ABQ Western Sandwich

28 June 2015: For my Kim, a carne adovada burrito sans additional chile makes great sense.  She contends that the chile in which the pork has marinated has a porcine-blessed flavor profile other chile doesn’t have.  She was blown away by the sheer volume of pork with which this burrito is engorged.  Tender tendrils of pure pork deliciousness marinated in chile practically made her swoon. 

28 June 2015: Among the more intriguing sandwiches on the menu is one called the ABQ Western Sandwich, sliced brisket, smoked sausage, Cheddar and barbecue sauce on a toasted ciabatta bun.  One of the things that make this an intriguing sandwich is that there is no smoker on the premises.  Somehow, the brisket has the hint of smokiness that seems to indicate it spent time imbibing low-and-slow smoke.  The smoked sausage doesn’t quite have the same discernible smoke notes, but it pairs well with the brisket.

Inside-Out Burger with Tater Tots

30 July 2015: When the craving for a blue cheese burger hits and nothing else will do but you don’t want to take out a second mortgage to pay for it, visit the Central Grill where a bleu cheese burger can still be found for under a ten spot.  Note that spelling.  “Bleu” is simply a nod to the French word for blue, not any type of superior cheese (sorry, Francophiles).  The bleu cheese burger is replete with the fetid fromage turophiles love (though for me, there’s never enough).  With a creamy, pungent essence, it contrasts nicely with the sweet buns and the Angus beef.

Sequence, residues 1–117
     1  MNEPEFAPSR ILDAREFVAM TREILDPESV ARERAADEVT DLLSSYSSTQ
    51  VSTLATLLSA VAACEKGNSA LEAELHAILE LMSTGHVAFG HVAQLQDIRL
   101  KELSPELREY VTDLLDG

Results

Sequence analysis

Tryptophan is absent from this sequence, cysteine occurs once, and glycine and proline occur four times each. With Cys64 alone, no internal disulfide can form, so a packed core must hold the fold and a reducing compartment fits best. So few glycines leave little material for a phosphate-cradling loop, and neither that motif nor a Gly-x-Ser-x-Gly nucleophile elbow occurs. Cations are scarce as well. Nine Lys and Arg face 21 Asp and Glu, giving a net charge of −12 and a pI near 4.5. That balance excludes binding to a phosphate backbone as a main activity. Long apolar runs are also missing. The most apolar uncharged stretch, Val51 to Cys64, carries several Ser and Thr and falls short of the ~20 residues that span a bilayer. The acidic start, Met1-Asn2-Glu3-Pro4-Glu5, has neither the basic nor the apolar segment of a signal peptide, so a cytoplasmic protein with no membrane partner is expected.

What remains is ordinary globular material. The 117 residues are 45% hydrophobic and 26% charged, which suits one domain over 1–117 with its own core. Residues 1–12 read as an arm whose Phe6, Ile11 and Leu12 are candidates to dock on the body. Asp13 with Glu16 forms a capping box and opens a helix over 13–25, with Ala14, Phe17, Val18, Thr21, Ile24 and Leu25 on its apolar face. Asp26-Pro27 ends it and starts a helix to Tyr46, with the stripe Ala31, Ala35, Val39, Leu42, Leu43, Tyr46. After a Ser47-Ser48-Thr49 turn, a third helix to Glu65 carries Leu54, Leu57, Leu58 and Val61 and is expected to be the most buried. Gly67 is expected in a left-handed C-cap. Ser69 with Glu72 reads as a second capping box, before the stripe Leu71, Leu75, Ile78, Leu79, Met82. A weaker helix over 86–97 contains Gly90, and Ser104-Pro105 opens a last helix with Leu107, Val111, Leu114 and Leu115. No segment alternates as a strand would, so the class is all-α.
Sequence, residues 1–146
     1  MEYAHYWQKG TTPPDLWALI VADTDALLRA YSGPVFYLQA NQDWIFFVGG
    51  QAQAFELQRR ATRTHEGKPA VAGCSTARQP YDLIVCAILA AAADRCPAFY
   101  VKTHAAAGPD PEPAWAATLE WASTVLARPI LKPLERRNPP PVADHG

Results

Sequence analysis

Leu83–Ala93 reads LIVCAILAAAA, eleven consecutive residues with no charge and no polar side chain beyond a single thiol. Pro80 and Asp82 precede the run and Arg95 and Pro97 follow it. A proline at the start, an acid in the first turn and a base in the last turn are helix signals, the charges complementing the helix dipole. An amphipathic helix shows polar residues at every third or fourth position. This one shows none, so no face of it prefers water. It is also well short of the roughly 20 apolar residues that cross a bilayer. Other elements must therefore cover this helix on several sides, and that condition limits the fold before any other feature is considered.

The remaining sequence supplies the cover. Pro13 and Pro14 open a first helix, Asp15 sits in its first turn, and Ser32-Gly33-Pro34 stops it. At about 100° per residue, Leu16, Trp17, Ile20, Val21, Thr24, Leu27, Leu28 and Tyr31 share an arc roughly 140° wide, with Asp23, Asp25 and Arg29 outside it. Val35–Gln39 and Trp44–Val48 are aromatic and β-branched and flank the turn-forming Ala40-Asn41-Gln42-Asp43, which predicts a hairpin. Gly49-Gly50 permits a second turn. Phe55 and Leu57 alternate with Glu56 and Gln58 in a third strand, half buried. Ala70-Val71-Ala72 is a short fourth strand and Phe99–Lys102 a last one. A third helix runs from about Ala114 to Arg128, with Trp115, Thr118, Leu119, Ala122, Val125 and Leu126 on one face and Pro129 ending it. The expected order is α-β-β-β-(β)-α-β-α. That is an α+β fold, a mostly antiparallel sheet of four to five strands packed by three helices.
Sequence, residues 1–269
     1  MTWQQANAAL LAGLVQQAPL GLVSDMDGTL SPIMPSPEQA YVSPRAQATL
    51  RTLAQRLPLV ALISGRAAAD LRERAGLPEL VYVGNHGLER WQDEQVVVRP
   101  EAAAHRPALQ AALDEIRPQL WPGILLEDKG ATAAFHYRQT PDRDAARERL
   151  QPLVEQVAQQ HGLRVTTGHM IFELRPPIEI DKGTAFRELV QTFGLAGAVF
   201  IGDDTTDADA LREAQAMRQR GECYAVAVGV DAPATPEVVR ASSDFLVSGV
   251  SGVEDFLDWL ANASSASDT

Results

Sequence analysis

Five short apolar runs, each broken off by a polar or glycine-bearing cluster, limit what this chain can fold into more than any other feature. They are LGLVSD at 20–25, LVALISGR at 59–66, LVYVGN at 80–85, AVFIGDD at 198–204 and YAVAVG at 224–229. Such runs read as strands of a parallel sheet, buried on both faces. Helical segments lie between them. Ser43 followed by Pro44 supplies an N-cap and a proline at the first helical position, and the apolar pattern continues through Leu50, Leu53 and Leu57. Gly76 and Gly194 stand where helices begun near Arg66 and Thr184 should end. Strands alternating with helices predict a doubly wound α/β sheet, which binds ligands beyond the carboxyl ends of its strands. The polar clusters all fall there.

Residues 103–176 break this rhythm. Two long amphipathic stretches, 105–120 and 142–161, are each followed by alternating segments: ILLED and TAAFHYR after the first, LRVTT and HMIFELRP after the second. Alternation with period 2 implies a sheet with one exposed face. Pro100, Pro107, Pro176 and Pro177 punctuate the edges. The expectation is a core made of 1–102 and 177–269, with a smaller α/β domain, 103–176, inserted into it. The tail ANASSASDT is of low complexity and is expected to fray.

30 July 2015: Just as New Mexicans revere the green chile cheeseburger, Minneapolis, Minnesota residents hold one burger in the highest esteem.  They call it the “Juicy Lucy” and it’s essentially a cheese-stuffed burger which oozes molten cheesy goodness with every bite.  Delicious though they are, they’re best consumed several minutes after receiving them or you risk burning the roof of your mouth.  The Central Grill’s signature burger is called the Inside-Out Burger and it features Cheddar used as a stuffing rather than as a topping.  It’s a good burger served with pickles, tomatoes, onions and lettuce on the side along with mustard, ketchup and Tabasco sauce on a condiment cozy.  They’re served with your choice of French fries, sweet potato fries, onion rings, potato chips or tater tots.

While Breaking Bad devotees may not find one of their favorite Old Town area landmarks, if the pangs of hunger strike during their pilgrimages, they’ll certainly find a terrific diner and coffee house to sate them.

Central Grill and Coffee House
2056 Central Avenue, S.W.
Albuquerque, New Mexico
(505) 554-1424
Web Site
LATEST VISIT: 30 July 2015
1st VISIT: 28 June 2015
# OF VISITS: 2
RATING: 19
COST: $$
BEST BET: Salted Caramel Sticky Bun, Breakfast Burrito, Carne Adovada Burrito. ABQ Western Sandwich, Black & Bleu Burger, Tater Tots, Inside-Out Burger

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Anatolia Turkish & Mediterranean Grill – Albuquerque, New Mexico

Anatolia Turkish & Mediterranean Grill on Central Avenue

In the mid 80s when my Kim and I lived in rural, agrarian England, a “sandwich” meant one of three things: a warm, fresh floury bap with butter, Cheddar cheese and Branston’s Pickle from our favorite bakery in Lechlade; a grilled ham and cheese sandwich (with chips (fries), of course) from The Plough in Fairford; or a doner kebab from a jankety kebab house in Banbury.  There just weren’t many other sandwich options (not to mention burgers and pizza) in the Cotswolds region of England where we lived and certainly no subs, grinders, torpedoes, po’ boys or hoagies. In fact, to our British hosts, the notion that “Yanks” had so many options and fillings for our sandwiches was sheer lunacy on the level of King George, III. Never mind that the bread-encased convenience food known as the “sandwich” was invented by Englishman John Montague, the Fourth Earl of Sandwich.

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Anatolia’s expansive dining room